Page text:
Tighter auto-loan restrictions continue to impede an immediate full recovery of auto sales, says a study by consultancy A.T. Kearney.
Pointing to a pent-up demand, the firm predicts auto sales will trend back to levels of about 16 million a year by 2012.
Part of that pent-up demand is due to a lack of financing for non-prime car buyers. Kearney predicts that from 2009 to 2014 about 3.5 million potential new-car consumers will end up buying used cars instead because of credit issues.
“At current loan rates, a 1-point increase in loan approval rates can increase the demand for new vehicles by as much as 350,000 units,” says Dan Cheng, a partner in Kearney's automotive unit.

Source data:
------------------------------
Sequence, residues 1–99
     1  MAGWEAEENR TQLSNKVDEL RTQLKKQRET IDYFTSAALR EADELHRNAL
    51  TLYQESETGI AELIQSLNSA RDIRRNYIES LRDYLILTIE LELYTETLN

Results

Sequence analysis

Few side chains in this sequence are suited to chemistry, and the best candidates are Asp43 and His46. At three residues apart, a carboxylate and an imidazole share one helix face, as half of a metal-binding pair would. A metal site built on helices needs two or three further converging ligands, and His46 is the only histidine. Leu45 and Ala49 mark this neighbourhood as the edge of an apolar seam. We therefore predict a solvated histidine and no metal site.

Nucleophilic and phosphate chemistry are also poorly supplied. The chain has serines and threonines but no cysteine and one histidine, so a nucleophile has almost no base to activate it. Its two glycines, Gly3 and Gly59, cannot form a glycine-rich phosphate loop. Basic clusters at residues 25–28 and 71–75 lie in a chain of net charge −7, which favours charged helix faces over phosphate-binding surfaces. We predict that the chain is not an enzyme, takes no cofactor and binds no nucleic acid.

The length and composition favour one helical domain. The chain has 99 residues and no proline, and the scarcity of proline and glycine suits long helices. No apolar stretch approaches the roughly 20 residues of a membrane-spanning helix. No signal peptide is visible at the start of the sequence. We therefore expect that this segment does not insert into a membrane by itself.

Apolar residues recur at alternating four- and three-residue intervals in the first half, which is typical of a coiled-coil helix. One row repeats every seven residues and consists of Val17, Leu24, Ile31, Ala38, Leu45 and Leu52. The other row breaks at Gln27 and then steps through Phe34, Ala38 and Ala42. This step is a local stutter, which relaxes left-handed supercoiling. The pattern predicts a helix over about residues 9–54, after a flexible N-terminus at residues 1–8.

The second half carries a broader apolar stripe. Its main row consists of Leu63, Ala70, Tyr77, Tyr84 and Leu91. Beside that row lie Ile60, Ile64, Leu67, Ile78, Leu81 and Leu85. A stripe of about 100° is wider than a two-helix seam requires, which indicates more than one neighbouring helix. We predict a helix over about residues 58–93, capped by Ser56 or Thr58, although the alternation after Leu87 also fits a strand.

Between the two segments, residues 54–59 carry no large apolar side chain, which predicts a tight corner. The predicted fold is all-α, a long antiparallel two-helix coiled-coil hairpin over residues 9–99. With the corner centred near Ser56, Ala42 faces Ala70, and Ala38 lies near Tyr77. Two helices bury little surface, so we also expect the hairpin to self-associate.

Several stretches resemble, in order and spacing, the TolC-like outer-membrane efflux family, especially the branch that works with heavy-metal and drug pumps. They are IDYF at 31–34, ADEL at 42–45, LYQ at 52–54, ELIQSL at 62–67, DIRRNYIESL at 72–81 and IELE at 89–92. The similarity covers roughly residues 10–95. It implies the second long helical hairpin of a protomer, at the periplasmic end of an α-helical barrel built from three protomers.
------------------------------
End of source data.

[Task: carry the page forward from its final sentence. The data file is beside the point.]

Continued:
That annual-unit number reflects potential new-car buyers, who were blocked out of the market, reentering as credit availability increases.
The firm's improved sales forecast depends on the U.S. economy recovering. Financing problems on the non-prime credit front notwithstanding, signs of hope include an increase in vehicle loan-rate approvals for customers with good credit.
“Credit availability will play a key role in the speed of the auto-industry recovery,” Cheng says.
Overall, the auto finance market has remained stable, with growth occurring in prime segments, according to Experian Automotive.
“Consumers are financing higher loan amounts with stable terms and declining rates,” says Melinda Zabritski, Experian's director-automotive credit.
However total loan balances continue to decline and originations continue to tighten on both new and used financing, she says.